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hedshrinker 1 year, 3 months ago

checks and balances...brownback thinks that's an antiquated concept; he can't wait to handpick the people who now provide the only backstop to his runaway train...how can we stop this pell-mell plunge into hades with the legislature stacked?

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skull 1 year, 3 months ago

Defenders of the constitution...until it gets in the way and needs to be changed.

3

consumer1 1 year, 3 months ago

"The current system was put in place to try to minimize the amount of political influence that goes into the selection of judges, and I think it has worked very, very well," said House Minority Leader Paul Davis, D-Lawrence"

Yep it works as long as you don't care about justice within the court system. Davis is just another puppet for the weak kneed liberal agenda.

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kujayhawk7476 1 year, 3 months ago

Pro-life and pro-school voucher judges get in line over here for consideration....the rest of you can go home now.

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JackMcKee 1 year, 3 months ago

Kansas is going to get exactly what it wanted.

2

just_another_bozo_on_this_bus 1 year, 3 months ago

We don't need hearings for this. The new method will be whoever can get a $million or so from the Koch Bros. will get the seat.

4

Stuart Sweeney 1 year, 3 months ago

Gauranteed to be goofed up by the band of renegades in the statehouse!

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Alceste 1 year, 3 months ago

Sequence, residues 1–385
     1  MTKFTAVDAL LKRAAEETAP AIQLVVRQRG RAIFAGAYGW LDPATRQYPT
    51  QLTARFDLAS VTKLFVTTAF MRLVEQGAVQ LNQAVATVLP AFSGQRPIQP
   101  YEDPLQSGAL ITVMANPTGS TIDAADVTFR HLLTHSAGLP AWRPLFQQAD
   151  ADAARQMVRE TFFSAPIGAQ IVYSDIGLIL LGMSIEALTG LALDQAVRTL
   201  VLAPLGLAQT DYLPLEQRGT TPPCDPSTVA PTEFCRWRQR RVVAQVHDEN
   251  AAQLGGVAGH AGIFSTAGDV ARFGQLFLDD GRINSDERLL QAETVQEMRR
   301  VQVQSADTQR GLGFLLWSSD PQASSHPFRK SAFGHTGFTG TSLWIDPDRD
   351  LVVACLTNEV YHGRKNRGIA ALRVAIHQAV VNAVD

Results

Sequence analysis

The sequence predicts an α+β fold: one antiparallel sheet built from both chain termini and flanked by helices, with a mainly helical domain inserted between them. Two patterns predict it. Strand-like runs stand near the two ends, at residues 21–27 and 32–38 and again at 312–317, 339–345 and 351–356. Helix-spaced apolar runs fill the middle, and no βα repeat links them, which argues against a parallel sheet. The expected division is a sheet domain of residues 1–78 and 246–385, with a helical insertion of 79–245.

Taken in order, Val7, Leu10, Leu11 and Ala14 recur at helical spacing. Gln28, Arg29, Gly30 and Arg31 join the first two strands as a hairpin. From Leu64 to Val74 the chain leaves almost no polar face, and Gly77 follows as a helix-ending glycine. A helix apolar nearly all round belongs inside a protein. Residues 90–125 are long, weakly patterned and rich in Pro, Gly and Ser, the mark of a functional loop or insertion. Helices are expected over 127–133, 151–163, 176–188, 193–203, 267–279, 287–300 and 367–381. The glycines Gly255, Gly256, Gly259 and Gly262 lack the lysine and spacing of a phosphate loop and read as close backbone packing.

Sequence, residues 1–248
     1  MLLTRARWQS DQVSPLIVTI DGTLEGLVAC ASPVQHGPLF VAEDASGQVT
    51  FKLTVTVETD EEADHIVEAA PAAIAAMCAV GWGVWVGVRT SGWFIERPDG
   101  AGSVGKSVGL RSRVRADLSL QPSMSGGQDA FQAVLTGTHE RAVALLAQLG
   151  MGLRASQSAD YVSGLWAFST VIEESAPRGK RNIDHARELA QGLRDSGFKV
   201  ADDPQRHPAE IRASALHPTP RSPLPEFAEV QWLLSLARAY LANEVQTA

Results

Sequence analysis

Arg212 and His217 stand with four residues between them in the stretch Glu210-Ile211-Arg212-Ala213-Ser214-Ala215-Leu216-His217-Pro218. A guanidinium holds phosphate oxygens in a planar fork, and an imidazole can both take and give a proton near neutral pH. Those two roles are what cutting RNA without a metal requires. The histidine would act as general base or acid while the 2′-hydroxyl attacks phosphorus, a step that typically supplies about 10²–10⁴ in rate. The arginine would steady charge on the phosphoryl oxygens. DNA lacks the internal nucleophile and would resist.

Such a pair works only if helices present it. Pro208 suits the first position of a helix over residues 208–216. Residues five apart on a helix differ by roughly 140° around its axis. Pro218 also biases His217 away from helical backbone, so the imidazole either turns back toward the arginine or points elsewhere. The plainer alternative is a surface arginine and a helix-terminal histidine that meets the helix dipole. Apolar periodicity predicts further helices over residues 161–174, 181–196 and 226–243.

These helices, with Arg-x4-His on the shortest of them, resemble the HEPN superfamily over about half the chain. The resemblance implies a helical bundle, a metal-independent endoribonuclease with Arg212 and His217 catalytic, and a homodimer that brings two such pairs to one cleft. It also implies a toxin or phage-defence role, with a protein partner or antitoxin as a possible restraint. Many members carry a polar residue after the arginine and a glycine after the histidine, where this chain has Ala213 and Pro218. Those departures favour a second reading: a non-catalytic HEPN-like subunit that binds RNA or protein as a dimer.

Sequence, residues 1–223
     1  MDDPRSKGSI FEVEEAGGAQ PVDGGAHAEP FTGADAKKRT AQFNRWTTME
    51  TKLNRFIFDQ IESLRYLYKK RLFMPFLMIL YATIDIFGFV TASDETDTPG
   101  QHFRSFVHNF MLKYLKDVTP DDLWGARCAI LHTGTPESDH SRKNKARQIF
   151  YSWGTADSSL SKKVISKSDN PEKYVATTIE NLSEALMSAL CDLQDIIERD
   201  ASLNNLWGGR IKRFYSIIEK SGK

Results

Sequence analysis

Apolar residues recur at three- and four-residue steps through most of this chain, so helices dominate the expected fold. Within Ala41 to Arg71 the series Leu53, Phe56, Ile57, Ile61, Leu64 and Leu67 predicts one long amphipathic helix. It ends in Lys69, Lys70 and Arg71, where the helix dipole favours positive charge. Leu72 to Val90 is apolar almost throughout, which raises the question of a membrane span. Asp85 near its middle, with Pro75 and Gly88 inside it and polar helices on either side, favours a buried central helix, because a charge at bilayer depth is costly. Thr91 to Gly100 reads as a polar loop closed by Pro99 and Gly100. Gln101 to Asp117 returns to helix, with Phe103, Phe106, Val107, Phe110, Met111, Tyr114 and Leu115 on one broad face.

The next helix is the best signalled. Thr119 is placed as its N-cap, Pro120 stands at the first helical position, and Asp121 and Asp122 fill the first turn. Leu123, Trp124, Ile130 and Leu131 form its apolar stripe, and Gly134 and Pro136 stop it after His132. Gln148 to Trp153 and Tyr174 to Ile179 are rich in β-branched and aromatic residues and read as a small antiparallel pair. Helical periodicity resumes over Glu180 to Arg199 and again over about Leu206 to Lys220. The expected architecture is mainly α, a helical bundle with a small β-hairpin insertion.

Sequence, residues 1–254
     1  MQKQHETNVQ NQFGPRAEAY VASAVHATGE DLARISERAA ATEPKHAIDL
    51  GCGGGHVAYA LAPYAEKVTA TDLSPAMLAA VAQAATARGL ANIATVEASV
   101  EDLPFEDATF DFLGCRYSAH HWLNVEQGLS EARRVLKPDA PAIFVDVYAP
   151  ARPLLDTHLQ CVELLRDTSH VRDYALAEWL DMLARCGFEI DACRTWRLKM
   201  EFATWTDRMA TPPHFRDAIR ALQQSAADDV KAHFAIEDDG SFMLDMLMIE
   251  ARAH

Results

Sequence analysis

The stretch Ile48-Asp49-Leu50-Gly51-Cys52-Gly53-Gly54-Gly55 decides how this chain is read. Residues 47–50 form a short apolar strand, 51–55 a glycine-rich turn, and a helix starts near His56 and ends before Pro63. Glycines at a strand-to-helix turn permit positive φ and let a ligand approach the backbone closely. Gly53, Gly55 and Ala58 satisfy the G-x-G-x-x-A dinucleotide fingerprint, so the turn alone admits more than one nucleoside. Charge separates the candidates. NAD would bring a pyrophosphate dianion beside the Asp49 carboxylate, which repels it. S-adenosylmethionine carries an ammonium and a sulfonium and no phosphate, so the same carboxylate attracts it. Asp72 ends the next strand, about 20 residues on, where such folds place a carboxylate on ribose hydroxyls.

Incredible. Why hasn't brownback figured out that the way Illinois and Chicago does things work:

http://articles.chicagotribune.com/2012-12-23/news/ct-met-supreme-judges-20121223_1_judges-chief-justice-thomas-kilbride-high-court

"The Illinois Supreme Court in the past year kept seven politically connected judges on the Cook County bench after they were rejected by voters, a common practice......

"One had given more than $20,000 to the Cook County Democratic Party. Two had connections to Illinois House Speaker Michael Madigan. Others have ties to powerful Chicago Democrats who decide who gets the party's support to be judge."

Wait....it's already done that way in Kansas.....just Kansas politics don't amount to a hill of beans on the "national level". Oh well......shrug

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Cait McKnelly 1 year, 3 months ago

The Teapublicans have the upper hand and they will use it. Say goodbye to any resemblance of a real system of checks and balances.

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LJ Whirled 1 year, 3 months ago

It ain't broke; don't "fix" it.

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Hooligan_016 1 year, 3 months ago

It's just never enough for them is it? There must be ideological purity throughout the ranks. God forbid there be any other way of thought.